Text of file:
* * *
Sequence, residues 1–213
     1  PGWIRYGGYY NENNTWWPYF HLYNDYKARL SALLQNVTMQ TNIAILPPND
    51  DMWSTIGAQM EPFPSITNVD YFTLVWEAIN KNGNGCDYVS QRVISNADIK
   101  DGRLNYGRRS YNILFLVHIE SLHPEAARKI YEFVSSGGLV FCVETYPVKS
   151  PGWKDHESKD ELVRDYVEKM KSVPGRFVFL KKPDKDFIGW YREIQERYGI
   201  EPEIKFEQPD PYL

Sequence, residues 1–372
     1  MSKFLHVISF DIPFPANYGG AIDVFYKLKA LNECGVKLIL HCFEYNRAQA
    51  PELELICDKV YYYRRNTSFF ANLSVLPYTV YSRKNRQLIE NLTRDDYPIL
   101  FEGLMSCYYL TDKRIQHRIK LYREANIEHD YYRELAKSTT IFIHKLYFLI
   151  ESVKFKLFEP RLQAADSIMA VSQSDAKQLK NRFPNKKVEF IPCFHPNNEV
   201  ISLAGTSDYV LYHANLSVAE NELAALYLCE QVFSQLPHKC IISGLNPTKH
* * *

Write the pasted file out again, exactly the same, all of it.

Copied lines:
Sequence, residues 1–213
     1  PGWIRYGGYY NENNTWWPYF HLYNDYKARL SALLQNVTMQ TNIAILPPND
    51  DMWSTIGAQM EPFPSITNVD YFTLVWEAIN KNGNGCDYVS QRVISNADIK
   101  DGRLNYGRRS YNILFLVHIE SLHPEAARKI YEFVSSGGLV FCVETYPVKS
   151  PGWKDHESKD ELVRDYVEKM KSVPGRFVFL KKPDKDFIGW YREIQERYGI
   201  EPEIKFEQPD PYL

Sequence, residues 1–372
     1  MSKFLHVISF DIPFPANYGG AIDVFYKLKA LNECGVKLIL HCFEYNRAQA
    51  PELELICDKV YYYRRNTSFF ANLSVLPYTV YSRKNRQLIE NLTRDDYPIL
   101  FEGLMSCYYL TDKRIQHRIK LYREANIEHD YYRELAKSTT IFIHKLYFLI
   151  ESVKFKLFEP RLQAADSIMA VSQSDAKQLK NRFPNKKVEF IPCFHPNNEV
   201  ISLAGTSDYV LYHANLSVAE NELAALYLCE QVFSQLPHKC IISGLNPTKH